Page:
Seychelles' Political Campaigns to Go Dark 24 Hours Before First Ballots Are Cast Thursday

La Commission électorale des Seychelles a accepté mercredi les nominations des trois tout en rejetant un quatrième candidat potentiel.

Voters in Seychelles begin casting ballots in the island nation's presidential and National Assembly election on Thursday, the first of three days of voting.

Three candidates -- Wavel Ramkalawan of Linyon Demokratik Seselwa (LDS), Danny Faure the incumbent president of United Seychelles (US) and Alain St Ange of One Seychelles -- are contesting the presidential elections.

Candidates for president and National Assembly have until Wednesday at 7 a.m. to persuade Seychelles' 74,634 eligible voters to cast ballots for them, the Electoral Commission said on Tuesday.

No campaigning is allowed during the 24 hours preceding the start of the vote, including rallies, parties or picnics, and any kind of political advertising. Candidates and political parties also must remove campaign material within 100 metres of polling stations.

The Electoral Commission asked that the police take "all lawful actions to address any action or omission which are in violation of any of the above and to collect all necessary evidence to allow prosecution of such persons." Failure to comply is an offence punishable by three years of imprisonment and a fine of SCR20,000 ($1,000).

Meanwhile, the only international observers of the election from the Eastern Africa Standby Force (EASF) is appealing to the citizens to maintain the peaceful environment, adhere to the rule of law and to promote respect and tolerance throughout the elections.

Both presidential and legislative elections in Seychelles, a group of 115 islands in the western Indian Ocean, will start on Thursday on Silhouette, Farquhar, Alphonse, Desroches, Coetivy, Platte, Poivre, D'Arros and Remire islands.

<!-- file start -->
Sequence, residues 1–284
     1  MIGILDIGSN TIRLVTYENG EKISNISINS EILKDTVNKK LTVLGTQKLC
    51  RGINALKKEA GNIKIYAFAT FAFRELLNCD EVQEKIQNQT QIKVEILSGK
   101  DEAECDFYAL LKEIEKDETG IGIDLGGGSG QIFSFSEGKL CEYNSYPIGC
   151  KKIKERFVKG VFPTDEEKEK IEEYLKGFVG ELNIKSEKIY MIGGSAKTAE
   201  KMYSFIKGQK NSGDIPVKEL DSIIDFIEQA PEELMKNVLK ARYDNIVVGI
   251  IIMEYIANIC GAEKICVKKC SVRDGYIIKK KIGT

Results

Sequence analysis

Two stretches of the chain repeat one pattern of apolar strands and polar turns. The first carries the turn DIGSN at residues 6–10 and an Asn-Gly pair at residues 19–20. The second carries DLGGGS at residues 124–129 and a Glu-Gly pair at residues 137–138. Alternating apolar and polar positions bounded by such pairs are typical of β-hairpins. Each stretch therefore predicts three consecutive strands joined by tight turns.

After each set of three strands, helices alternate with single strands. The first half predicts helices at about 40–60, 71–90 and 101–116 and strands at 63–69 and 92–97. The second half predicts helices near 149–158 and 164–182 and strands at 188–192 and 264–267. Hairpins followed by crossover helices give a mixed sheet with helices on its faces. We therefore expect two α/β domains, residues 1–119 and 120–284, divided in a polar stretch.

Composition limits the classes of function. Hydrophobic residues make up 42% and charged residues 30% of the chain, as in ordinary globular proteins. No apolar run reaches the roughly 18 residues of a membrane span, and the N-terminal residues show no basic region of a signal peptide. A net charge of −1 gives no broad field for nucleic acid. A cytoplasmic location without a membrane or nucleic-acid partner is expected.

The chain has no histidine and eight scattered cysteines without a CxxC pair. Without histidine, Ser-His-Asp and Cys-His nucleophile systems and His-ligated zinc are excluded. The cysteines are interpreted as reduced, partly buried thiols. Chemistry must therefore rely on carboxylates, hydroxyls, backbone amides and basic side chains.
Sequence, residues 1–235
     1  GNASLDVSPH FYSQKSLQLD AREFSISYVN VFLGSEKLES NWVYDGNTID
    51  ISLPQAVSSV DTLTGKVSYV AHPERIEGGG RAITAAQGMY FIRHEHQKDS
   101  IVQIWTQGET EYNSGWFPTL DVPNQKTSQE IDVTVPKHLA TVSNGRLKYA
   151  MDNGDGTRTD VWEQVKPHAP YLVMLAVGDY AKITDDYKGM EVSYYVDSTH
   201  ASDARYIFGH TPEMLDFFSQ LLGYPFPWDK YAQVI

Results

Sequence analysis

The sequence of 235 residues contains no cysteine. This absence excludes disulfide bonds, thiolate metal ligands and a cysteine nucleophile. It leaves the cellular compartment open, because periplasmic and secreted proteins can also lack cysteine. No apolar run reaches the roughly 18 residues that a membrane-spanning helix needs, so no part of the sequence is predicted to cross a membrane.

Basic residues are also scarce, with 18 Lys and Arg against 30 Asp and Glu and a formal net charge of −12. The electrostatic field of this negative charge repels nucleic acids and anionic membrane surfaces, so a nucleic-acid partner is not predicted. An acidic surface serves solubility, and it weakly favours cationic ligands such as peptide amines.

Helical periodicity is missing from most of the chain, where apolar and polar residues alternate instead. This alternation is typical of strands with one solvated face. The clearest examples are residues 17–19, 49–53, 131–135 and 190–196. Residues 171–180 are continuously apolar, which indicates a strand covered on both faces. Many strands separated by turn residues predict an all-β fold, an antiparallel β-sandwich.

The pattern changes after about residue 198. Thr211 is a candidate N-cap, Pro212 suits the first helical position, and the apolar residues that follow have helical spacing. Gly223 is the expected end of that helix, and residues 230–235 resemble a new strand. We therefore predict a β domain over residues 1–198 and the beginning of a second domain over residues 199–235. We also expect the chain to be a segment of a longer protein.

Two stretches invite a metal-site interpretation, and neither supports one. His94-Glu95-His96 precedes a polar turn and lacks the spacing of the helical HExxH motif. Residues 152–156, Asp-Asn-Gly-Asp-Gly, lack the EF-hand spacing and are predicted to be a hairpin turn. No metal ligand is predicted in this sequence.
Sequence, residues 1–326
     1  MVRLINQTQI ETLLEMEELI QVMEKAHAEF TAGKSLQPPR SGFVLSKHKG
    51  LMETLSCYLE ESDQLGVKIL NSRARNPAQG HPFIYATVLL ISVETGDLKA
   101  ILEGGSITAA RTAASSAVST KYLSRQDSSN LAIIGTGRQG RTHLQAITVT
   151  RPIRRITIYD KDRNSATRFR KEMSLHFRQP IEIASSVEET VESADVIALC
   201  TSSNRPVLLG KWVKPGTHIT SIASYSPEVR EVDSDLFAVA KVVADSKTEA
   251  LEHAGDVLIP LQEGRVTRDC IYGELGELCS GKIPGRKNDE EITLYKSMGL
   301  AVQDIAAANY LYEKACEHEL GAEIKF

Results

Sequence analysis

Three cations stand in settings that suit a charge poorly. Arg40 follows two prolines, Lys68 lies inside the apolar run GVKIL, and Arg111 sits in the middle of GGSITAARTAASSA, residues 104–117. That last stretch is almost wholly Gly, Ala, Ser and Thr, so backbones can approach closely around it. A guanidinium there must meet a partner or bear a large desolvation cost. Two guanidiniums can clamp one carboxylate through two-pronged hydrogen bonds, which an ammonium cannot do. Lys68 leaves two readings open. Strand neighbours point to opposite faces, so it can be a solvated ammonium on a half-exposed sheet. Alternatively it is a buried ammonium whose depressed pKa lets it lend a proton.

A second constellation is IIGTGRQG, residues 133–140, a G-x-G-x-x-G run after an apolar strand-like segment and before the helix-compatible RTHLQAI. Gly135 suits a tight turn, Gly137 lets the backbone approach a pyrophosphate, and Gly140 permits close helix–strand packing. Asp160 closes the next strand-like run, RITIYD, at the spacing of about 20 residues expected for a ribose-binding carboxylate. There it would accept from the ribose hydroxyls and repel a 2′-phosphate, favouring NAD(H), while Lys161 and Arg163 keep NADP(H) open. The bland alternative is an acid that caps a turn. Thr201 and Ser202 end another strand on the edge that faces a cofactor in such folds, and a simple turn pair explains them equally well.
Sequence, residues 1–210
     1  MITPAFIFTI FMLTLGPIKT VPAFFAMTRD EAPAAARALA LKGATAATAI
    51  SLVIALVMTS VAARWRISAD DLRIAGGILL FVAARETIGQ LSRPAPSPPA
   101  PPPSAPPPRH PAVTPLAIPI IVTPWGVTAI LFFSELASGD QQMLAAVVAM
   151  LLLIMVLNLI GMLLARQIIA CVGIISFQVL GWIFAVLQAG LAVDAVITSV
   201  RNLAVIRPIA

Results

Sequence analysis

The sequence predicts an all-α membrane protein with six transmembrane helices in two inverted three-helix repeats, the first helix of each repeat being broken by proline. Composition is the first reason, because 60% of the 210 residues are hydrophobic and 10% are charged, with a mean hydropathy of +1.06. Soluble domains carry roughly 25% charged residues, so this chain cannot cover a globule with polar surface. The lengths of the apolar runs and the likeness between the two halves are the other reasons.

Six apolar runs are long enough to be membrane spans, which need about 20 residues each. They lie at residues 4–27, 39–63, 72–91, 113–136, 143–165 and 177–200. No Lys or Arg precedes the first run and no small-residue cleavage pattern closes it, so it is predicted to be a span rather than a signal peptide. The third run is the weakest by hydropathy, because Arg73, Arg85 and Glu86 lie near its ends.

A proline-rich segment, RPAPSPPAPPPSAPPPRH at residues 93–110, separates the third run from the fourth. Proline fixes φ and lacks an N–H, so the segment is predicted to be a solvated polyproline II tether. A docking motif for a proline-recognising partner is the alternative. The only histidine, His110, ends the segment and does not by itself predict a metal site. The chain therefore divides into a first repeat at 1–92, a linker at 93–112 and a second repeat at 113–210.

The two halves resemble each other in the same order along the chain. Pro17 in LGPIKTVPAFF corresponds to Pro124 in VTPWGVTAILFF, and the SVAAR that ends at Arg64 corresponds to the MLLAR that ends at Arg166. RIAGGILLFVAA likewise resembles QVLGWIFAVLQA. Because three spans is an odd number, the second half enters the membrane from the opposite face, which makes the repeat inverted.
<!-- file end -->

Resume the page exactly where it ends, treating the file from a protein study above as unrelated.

On the second day, Friday, voting will take place on Astove, Assomption, Aldabra, Ile aux Vache, Denis and Fregate islands and at special stations on the main island of Mahe.

The main voting day will be on Saturday October 24 where electorates will cast their ballots in the three most populated islands of Seychelles, Mahe, Praslin and La Digue from 7 a.m to 7 p.m.

Four parties and two independent candidates will vie for a seat in the National Assembly, the island nation's legislative body. LDS and US have candidates in all the twenty-six electoral districts on the three main islands of Mahe, Praslin and La Digue. One Seychelles and Lalyans have 18 and three candidates respectively.

The two independent candidates will be contesting elections in the central district of St Louis and northern Mahe district of Beau Vallon.

The district with the highest number of registered voters remains Anse Etoile with 4,064 while Roche Caiman has the smallest number with 1,990. A new voting district Perseverance has 3,083 registered voters.

The last presidential election in Seychelles in December 2015 went into a second round, and the then incumbent President James Michel of Parti Lepep secured a third and final mandate winning 50.15 percent of the total votes cast.

Michel won 31,512 of the votes while his opponent the Seychelles National Party (SNP) leader Wavel Ramkalawan won 31, 319 or 49.85 percent of the votes. Only 193 votes separate the two candidates.

The legislative elections in September 2016 was also a historic event for Seychelles when the opposition coalition -- Linyon Demokratik Seselwa (LDS) -- won majority votes in 15 of the 25 constituencies contested, while the ruling Parti Lepep took the remaining 10. It was the first time since the return of multiparty democracy in Seychelles in 1993 that the ruling Parti Lepep lost its majority in parliament.

LDS won 48.37 percent of the vote with 30,444 people (48.37 percent) while Parti Lepep received the support of 30,218 (48.01 percent) of voters.

Normally, the Presidential and National Assembly elections in Seychelles take place every five years but this year the legislative election comes a year earlier due to an early dissolution by President Danny Faure in August.

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